“Yes, I do consider myself a Southerner, a card-carrying member of the last romantic culture on earth. When I was growing up, Memphis was a hotbed of social and cultural change. In this atmosphere, I embraced popular music, the city that sits on the bluff of the Mississippi is a musical mecca, and I wanted to be in its middle.  I found my niche in radio by being on the air-staff of five radio stations during a nine-year career.  Eventually this led me to Los Angeles where I worked as an artist’s representative securing record deals. After three years I took a trip to Ireland and stayed a year.”

I read you are a people watcher.

“My mother told me as a child, I used to sit and watch people.  I was thirty years old the first time I heard this, and she followed the revelation by telling me, “You still do.” If what is known as “the writer’s eye” is the ability to see the world from the outside in, then I am happily guilty.”

Tell us what opened the door to your writing.

“A happy accident involving a white dove that landed on my roof started my writing career. After a solid week of its residency, I walked into the offices of “The Malibu Surfside News” thinking maybe somebody had lost a pet.  The nice assistant at the desk asked me to take a picture and write a few lines. I decided to do better than that.  When news of the dove was published, the paper’s editor received public response, which she published in the subsequent edition. I felt it my civic duty to report when the dove flew away, so I wrote a piece in the interest of closure, but it opened a door instead. The dove led me to write a weekly column, which led to publication in magazines, awards in writing contests, and repeated appearances in the “Chicken Soup for the Soul” book series.”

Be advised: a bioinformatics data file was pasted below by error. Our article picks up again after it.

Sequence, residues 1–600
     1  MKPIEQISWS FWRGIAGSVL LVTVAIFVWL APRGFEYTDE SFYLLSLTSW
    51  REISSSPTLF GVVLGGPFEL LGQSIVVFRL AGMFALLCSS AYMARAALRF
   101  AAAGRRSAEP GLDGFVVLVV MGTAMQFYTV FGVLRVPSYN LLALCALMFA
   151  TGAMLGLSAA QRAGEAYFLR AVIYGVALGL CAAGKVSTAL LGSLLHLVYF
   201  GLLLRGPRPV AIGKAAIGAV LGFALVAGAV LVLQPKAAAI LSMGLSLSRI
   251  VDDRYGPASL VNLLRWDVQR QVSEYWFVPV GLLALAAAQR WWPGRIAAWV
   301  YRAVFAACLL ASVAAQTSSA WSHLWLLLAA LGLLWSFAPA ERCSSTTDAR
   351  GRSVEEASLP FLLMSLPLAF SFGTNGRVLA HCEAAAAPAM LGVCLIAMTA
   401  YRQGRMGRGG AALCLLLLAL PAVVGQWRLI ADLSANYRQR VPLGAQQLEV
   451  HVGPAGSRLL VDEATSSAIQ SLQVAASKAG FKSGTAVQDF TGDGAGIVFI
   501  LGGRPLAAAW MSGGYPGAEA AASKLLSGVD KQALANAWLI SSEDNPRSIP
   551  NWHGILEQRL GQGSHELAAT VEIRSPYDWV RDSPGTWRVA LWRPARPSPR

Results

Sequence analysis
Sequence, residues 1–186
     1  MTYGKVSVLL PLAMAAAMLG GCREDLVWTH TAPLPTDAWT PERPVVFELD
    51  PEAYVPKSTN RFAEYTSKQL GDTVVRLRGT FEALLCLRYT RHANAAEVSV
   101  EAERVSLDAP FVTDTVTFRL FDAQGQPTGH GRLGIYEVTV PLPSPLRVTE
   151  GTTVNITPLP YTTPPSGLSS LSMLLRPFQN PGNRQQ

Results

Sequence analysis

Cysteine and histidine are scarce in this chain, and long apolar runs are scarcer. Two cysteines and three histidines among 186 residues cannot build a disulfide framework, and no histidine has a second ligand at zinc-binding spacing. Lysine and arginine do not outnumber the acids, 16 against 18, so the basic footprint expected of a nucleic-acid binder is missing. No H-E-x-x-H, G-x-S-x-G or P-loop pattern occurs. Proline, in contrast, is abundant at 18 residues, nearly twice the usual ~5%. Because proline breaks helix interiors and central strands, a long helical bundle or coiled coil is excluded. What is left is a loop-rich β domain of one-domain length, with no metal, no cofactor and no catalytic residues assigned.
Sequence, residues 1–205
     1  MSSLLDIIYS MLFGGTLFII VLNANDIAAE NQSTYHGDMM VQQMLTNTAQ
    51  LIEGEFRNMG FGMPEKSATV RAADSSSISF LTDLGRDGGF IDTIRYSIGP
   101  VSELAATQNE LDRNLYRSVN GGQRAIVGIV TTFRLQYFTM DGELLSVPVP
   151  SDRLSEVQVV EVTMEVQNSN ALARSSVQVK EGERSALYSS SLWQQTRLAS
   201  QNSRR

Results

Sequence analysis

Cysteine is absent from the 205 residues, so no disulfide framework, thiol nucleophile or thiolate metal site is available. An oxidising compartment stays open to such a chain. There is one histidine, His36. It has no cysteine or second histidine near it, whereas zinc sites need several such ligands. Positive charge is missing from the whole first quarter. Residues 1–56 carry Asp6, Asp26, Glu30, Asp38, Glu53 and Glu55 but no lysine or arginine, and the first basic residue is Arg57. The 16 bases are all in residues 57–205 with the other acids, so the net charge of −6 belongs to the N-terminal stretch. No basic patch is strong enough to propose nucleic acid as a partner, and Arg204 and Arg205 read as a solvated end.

portal in time19780989063227_p0_v1_s192x300Your first published novel, A Portal in Time, tell us the story behind that book.

“My husband and I took a trip to Carmel-by-the-sea on the Monterey Peninsula and stayed in a historic hotel. I tapped my dear husband on the shoulder at 2:00 in the morning to report I couldn’t sleep because the hotel was so haunted. That incident was the beginning A Portal in Time.”

01 SW Cover May 2015 (1)I loved your article you wrote in our May/June Southern Writers Magazine, “Keeping the Faith on the Road to Publication.” Not only was it interesting and helpful for other writers but I know people who don’t write that read it and they enjoyed so much learning about this part of a writers behind the scenes.

DancingtoanIrishReel2 1400x2100[1] Your second book, Dancing to an Irish Reel,  Tell us about your book. I think you captured everything I think of Ireland in this book. A land where family, breezes, tradition and adventure are all rolled in the landscape together.

“One reviewer described it as “A sensitive and lyrical tribute to the Irish culture and the wonders of falling in love.” The story concerns twenty-five year old Hailey Crossan, who takes a sabbatical from her job in the LA record business and travels to the west of Ireland, where she is offered a job too good to turn down. It becomes a year of firsts, where everything is about discovery as Hailey navigates the social nuances and customs of a culture as old as time itself.
Hailey works at The Galway Music Centre, where she is surrounded by a handful of vibrant Irish friends who help her decipher what’s going on when she meets a regionally famous, traditional musician, who is so unbalanced at the prospect of love that he won’t come closer nor completely go away!
The title, “Dancing to an Irish Reel” refers to the push and pull, the ambiguity and uncertainty of attraction with all its hope, fears,  excitement and confusions played out on an Irish stage!

 

“And so begins Hailey’s journey to a colorful land that changes her life, unites her with friends more colorful than the Irish landscape, and gives her a chance at happiness she’s never found before.”

You have a wonderful ability to weave your personal experiences into your stories. Indeed, you are a talented writer.

When your next book is ready to launch, please drop by and tell us about the story.

Thank you for visiting with us today.

 Be sure and visit Claire’s website, http://www.clairefullerton.com/. She would love to hear from you.

Visit her on:  Facebook     https://www.facebook.com/claire.fullerton.79 and  Twitter  https://twitter.com/cfullerton3